Helping Pea Patch Island stand up to waves
Photo by Evan Krape August 09, 2018
Rachel Schaefer explores how vegetation can reduce erosion of Delaware River island
Editor’s Note: Get to know a dozen of our 2018 undergraduate Summer Scholars in this series of question/answer profiles on them and their work. The Summer Scholars program offers undergrads an expansive menu of research and service opportunities from the streets to the field to the laboratory. A record number of students — more than 530 — participated this summer. It’s a mark of distinction for UD, according to Associate Prof. Iain Crawford, faculty director of UD’s Undergraduate Research Program and president of the national Council on Undergraduate Research: “We have that culture firmly established at Delaware, where the value of undergraduate research is strongly felt.” To learn about the work of some of this year's Summer Scholars, visit https://www.udel.edu/home/summer-undergrad-research/
Rachel Schaefer is a senior honors degree candidate, majoring in civil engineering, from West Windsor, New Jersey.
Q. What are you studying, where and with whom?
Schaefer: I’m studying the effects of marsh vegetation located on the south side of Pea Patch Island on incoming waves. This is for my senior thesis under the advisement of Prof. Jack Puleo. I’m also working with Michael Larner, who will write a senior thesis on how ship wakes affect the bare beach on the north side of Pea Patch Island. We’re also working with Prof. Thomas McKenna.
Pea Patch Island, which contains Fort Delaware and a nature preserve, is on the Delaware River and can be reached by a boat ride from Delaware City. I set out sensors in early June to measure water depths and velocities along a transect before and within a patch of vegetation. As the vegetation grows, the degree of wave attenuation could potentially increase. I have been conducting surveys of the transect on a regular basis to measure how the ground elevations change over time. Most researchers who have published on this topic performed controlled experiments in wave flumes, which allowed them to manipulate some variables but could not capture all of the environmental factors present in a real marsh. I plan to also explore numerical modeling of vegetation attenuation of water waves, and perhaps compare a model simulating the Pea Patch Island marsh to my data analyses.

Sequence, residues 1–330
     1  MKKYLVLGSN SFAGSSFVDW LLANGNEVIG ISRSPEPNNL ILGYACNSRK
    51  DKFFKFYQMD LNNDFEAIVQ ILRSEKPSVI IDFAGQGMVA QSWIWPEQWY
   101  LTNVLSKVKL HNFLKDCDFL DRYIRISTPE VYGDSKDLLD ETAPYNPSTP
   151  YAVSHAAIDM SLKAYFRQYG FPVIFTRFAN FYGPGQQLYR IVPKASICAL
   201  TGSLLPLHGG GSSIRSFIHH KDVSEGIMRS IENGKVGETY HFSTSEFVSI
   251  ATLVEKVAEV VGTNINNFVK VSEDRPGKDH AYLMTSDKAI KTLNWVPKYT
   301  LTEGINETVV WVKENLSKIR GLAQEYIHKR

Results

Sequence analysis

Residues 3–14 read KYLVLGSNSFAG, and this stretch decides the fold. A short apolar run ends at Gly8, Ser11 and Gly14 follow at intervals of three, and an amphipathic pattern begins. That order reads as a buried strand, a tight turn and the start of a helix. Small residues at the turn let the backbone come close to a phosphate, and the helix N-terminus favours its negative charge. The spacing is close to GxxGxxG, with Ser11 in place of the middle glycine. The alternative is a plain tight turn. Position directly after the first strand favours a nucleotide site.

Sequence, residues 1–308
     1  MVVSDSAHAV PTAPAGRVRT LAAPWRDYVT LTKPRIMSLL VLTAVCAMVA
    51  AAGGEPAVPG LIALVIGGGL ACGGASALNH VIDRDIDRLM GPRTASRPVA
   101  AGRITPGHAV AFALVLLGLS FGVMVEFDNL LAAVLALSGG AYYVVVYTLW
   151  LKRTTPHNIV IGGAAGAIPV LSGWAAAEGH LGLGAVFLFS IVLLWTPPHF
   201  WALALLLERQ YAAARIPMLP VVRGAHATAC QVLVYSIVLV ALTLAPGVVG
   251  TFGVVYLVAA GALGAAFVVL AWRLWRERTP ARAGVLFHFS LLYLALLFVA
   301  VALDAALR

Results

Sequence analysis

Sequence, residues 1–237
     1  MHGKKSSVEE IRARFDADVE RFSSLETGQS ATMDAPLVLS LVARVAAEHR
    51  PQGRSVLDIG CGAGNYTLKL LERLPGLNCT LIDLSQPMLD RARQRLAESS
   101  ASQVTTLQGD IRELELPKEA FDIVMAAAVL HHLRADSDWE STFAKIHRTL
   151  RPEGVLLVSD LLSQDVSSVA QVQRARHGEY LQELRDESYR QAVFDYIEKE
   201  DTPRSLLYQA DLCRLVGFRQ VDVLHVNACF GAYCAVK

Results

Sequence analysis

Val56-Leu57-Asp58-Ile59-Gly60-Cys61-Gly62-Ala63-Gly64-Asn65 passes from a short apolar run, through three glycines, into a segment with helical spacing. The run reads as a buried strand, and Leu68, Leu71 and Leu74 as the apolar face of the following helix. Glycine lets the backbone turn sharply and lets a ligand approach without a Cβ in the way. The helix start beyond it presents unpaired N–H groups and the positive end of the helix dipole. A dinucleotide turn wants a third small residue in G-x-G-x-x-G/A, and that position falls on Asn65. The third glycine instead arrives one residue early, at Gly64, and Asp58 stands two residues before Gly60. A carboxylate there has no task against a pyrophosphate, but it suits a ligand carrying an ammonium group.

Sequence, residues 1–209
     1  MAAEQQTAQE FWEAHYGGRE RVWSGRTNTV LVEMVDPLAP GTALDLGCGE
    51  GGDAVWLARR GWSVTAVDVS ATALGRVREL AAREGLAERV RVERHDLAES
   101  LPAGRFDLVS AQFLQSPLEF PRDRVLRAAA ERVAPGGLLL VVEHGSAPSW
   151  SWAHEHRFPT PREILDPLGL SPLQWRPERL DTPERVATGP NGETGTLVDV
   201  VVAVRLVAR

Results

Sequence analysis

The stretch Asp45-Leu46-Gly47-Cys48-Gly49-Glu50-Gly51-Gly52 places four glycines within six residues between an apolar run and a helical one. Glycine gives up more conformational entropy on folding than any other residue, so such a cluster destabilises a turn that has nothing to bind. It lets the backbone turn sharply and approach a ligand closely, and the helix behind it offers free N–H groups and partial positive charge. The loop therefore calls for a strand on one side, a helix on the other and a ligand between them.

Q. Why is this work important?
Schaefer: Many large ships bearing heavy cargo pass Pea Patch Island and generate powerful wakes that slam into the island. Vegetation is known to reduce erosion by attenuating waves and stabilizing the surrounding sediment.
Q. What is it about this topic that interests you?
Schaefer: I’m fascinated by how the interactions between plants, sediment and water play out on a small scale but have enormous implications and potential uses. While in Malawi, Africa, in 2016 implementing a water project with the University of Delaware chapter of Engineers Without Borders, I saw evidence of extensive deforestation and the devastating effects of a flood followed closely by a drought. The absence of trees and plants allows water to more quickly flow and accumulate, and allows sediment to move more freely and fill rivers. Most electricity in Malawi is generated through hydropower, and a large portion of the population depends on fish from the huge Lake Malawi. Removing vegetation near sources of water can have multiple cascading consequences.
Last year, I did a class project that involved designing subsurface flow constructed wetlands to treat wastewater for a community in the Philippines. From working on that project, I became even more interested in how water and particles can interact with plants.
I’m also interested in how plants at the interface between wetlands and water can combat sea level rise due to climate change. Wetland vegetation may only partially decay, forming layer upon layer of peat over time. The buildup of peat may compete with a rising sea level, while the peat also stores carbon dioxide that would otherwise be released into the atmosphere. Vegetation can also trap sediment washed in, further building up the land to reduce the effects of sea level rise while improving water quality. Plants may seem like part of the scenery, but they play crucial roles in marshland and coastal environments.
Q. What is a typical day like?
Schaefer: Many days have involved getting to work at 6 a.m. to gather equipment and catch a crew boat to the island. While there, we’re downloading data from some sensors, swapping batteries, as well as taking measurements, vegetation samples, notes and photographs. Bald eagles, herons, egrets, geese, muskrats and countless biting insects provide a constant audience.